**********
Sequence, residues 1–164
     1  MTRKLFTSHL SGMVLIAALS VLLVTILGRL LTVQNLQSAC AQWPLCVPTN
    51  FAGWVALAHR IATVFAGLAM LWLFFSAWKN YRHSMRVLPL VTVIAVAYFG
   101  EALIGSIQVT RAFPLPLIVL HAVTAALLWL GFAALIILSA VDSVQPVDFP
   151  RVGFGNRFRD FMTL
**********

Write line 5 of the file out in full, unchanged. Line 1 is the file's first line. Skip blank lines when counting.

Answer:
   151  RVGFGNRFRD FMTL